As part of his decade-long project titled Home, Vidura Jang Bahadur documents Chinese life in India
Tiretta Bazaar, kolkata, 2011:
Each time I visit Kolkata, I make it a point to grab a bite at Tiretta Bazaar—a bustling breakfast hub on weekends and a favourite haunt with late night revellers, call centre employees and foodies. Hawkers sell fish ball soup, noodles, dumplings and steamed bread. The Chinese come out in large numbers to buy essentials and socialise with each other.
The Chinese community in India is over 200 years old. Merchants and skilled labour were among the first to arrive. Their plan was to make money in India and go back home. It was only after the Communist takeover at the end of the Second World War that the Chinese began settling in India for good.
Things began to change for the community after the border conflict in 1962. Several Chinese in the North East, suspected of links with the communists in China, were arrested and jailed in Deoli, Rajasthan. It was a tough time for them. Fear and insecurity seem to have been driven into the psyche of the generation that underwent the 1962 experience.
In the years that followed, signs of “Chineseness” were buried for fear of being targeted. Several migrated to Canada, the United States, Taiwan and Europe. In 1998, 36 years after the war, the Indian government granted naturalised citizenship to all ethnic Chinese in India.
It was, ironically, in China that I first learnt of the Chinese community in India. I was at a friend’s house in Qingdao for dinner when I met a young girl from Kolkata.
Months later, I remember sitting quietly by the window at Starbucks in Beijing’s international airport waiting to board my flight to Delhi after three years in China. I had to come home as I had run out of savings and there was not much I could do in China besides teaching English.
After I returned to India in 2005, I longed to speak Chinese and eat home-cooked Chinese food. I would often make it a point to talk to Chinese tourists and businessmen, or walk into restaurants and shoe shops run by local Chinese Indians.
What began as an attempt to interact with the Chinese because of a shared association—even though many have never even visited China—has evolved over the past seven years as a way to explore India through the lives of the Chinese families here.
My conversations with the Chinese are a retelling of modern Indian history through the eyes of a small community that is an intrinsic part of the fabric of Indian society. It is through the stories of their struggle, perseverance, loss, journeys and love that I hope to give you an insight into India today.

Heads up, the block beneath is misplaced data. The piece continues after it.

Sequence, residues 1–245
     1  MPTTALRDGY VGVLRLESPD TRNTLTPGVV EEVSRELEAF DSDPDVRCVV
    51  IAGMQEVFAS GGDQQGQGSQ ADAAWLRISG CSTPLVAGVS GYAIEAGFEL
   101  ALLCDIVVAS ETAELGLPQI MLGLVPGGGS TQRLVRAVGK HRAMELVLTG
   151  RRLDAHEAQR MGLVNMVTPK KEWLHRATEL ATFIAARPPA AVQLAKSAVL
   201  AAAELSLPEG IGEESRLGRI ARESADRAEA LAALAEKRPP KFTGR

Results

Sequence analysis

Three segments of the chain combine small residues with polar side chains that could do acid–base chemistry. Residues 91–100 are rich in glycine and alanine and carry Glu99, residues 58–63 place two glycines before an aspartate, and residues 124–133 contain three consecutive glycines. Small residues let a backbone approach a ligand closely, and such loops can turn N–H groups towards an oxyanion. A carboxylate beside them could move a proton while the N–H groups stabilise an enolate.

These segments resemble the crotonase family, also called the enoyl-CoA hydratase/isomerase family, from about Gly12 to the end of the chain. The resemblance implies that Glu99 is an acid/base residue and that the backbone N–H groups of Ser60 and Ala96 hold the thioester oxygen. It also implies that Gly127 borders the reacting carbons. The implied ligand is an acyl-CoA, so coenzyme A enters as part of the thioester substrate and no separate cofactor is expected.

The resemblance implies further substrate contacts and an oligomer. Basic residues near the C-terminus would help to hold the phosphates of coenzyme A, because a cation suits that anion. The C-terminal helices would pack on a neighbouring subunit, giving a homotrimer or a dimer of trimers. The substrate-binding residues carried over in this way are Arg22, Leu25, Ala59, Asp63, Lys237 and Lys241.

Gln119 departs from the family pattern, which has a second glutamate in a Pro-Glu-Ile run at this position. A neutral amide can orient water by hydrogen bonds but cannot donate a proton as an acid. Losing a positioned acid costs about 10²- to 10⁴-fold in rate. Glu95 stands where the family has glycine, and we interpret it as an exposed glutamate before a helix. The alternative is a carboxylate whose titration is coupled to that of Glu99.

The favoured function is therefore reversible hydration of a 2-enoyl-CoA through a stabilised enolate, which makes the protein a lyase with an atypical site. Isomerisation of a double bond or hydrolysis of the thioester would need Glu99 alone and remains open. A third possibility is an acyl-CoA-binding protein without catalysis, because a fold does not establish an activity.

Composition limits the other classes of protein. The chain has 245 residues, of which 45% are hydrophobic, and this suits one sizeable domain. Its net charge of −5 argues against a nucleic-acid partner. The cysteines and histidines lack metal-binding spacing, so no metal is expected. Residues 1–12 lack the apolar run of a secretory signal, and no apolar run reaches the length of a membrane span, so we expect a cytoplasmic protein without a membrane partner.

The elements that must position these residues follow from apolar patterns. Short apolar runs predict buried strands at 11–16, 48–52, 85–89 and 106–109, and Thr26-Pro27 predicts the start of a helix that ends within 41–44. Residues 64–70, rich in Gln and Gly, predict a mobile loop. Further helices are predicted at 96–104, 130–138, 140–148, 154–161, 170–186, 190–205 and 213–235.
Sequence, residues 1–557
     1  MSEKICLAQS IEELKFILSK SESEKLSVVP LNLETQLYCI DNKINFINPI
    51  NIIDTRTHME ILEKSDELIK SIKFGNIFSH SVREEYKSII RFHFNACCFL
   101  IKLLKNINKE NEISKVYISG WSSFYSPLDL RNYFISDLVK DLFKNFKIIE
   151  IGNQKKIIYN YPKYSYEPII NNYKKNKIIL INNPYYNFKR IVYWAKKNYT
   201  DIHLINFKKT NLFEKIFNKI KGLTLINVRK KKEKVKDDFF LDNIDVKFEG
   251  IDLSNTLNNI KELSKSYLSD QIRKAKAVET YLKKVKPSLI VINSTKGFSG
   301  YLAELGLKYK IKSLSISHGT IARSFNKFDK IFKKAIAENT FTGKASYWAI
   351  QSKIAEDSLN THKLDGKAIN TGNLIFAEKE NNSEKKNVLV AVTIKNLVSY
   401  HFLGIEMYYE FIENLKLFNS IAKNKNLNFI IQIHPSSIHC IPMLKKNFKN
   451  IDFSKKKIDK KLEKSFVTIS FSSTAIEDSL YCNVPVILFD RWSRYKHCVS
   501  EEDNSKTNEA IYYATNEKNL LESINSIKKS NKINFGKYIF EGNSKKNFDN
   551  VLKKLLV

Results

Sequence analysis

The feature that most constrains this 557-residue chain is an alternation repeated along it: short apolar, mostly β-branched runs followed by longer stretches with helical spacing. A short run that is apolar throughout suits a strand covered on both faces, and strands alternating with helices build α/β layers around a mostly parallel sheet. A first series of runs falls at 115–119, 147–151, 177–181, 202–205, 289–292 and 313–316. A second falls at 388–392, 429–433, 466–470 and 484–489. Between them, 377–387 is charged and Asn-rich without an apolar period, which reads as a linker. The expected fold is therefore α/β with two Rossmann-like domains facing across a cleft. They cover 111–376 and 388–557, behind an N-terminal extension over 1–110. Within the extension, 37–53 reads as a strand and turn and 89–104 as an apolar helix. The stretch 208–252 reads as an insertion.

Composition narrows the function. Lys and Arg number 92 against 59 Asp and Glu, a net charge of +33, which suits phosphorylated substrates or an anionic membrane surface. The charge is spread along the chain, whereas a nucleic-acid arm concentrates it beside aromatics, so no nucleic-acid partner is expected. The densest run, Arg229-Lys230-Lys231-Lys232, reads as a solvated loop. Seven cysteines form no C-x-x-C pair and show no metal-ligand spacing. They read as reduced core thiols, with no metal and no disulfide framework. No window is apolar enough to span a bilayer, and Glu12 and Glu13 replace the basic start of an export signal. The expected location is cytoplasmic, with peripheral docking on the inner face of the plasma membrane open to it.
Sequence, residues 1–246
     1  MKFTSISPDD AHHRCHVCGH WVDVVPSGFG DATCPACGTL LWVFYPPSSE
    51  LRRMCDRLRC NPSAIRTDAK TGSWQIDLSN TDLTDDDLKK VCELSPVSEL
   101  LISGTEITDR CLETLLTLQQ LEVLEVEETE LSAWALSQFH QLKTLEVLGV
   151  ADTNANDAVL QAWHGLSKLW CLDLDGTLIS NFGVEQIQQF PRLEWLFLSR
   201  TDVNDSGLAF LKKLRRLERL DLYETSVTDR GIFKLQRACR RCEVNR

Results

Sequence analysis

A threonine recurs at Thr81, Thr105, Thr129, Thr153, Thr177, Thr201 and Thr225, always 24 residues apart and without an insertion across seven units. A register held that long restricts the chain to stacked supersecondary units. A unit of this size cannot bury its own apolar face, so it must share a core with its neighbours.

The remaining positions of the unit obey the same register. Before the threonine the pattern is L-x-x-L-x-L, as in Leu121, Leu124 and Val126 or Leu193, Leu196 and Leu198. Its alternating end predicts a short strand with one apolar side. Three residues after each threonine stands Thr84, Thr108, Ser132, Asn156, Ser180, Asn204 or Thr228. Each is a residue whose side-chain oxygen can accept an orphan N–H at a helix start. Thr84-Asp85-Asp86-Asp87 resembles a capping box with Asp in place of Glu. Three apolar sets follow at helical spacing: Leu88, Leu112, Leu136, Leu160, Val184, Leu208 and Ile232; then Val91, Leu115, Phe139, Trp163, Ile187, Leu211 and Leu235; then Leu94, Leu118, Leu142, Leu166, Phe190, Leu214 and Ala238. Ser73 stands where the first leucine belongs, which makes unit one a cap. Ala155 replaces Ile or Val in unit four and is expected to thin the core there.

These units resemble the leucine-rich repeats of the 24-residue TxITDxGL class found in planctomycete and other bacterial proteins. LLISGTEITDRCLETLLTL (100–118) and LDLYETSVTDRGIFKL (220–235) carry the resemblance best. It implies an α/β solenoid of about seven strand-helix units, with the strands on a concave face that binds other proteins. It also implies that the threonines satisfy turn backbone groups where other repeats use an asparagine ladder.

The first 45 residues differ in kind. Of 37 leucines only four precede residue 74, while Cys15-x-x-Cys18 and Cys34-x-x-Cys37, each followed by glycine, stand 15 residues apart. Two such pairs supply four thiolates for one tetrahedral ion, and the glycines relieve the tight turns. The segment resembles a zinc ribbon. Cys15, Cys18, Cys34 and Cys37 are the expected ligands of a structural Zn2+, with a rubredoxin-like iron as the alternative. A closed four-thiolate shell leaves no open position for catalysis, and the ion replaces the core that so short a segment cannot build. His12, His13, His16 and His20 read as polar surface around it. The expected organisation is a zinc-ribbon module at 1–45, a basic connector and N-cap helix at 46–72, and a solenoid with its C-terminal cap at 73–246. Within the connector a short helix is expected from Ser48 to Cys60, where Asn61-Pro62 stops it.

Edwin Liao, Kolkata:
It was in 2003 that I first visited Kolkata for the Chinese New Year. And what a spectacle it was! Several Chinese who’ve migrated to Canada and other parts of the globe return for New Year celebrations. It was far more exciting than anything I witnessed in China.
William and Brigette’s wedding, Shimla, 2010:
William, an advertising and wedding photographer, is one of many in his generation and community who have opted to follow their own passions over working in the family business
Eric Liu and family, Jamshedpur, 2011:
Eric’s father Liu Yong Ven (seated far left, in the background) is a dentist. Shaida Chini—as he is popularly known in Jamshedpur’s literary circles—released a collection of poetry called Lakeeron Ki Sada in 2009. Chinese dentists are found across India. Most can trace their history back to Hubei in modern China.
Mr Shen, Kalimpong, 2013:
A large number of Chinese families settled in Kalimpong in the 1940s. This resulted in a Chinese school being set up here. Mr Shen’s father was the first principal of the school. Following in his father’s footsteps, he runs the Benjamin Garden School.
Pei Moy School, Tangra, Kolkata, 1940:
Once an important academic institution, Pei Moy closed its doors to students in 2001 after a dispute between different groups in the community
Bowbazar, Kolkata, 2011
Many Chinese, mainly the Cantonese, settled in Bowbazar in central Kolkata in the 18th and 19th centuries
Kim Fa and Atsai in the market, Kalimpong, 2013:
Kim Fa and his family have lived in Kalimpong all their lives. While Kim Fa is a government contractor, one of his brothers named King Kong—now living in Hong Kong—is still infamous in Kalimpong for being a local dada. Over plates of pav bhaji, Kim Fa told me about eloping with his Nepalese wife, their life in the hill station and their two children
Mithun Tham, Dehol, Assam, 2012
Assam was home to several Chinese families till war broke out in 1962. Brought in by the British in the 1830s to grow tea, many Chinese men married local women and stayed on. Makum, close to Tinsukia, was among the largest settlements with a Chinese club, school and restaurants. I met Mithun while he was skinning chicken to roast it Chinese-style for a housewarming dinner at his brother’s. Married to a Bengali, his brother held a traditional puja earlier in the day to mark the same occasion.
Vidura Jang Bahadur was born in Zambia. A self-taught photographer, he initially worked in cinema and shifted to photography after moving to China in 2001. He is currently working on a project on the Chinese community in India.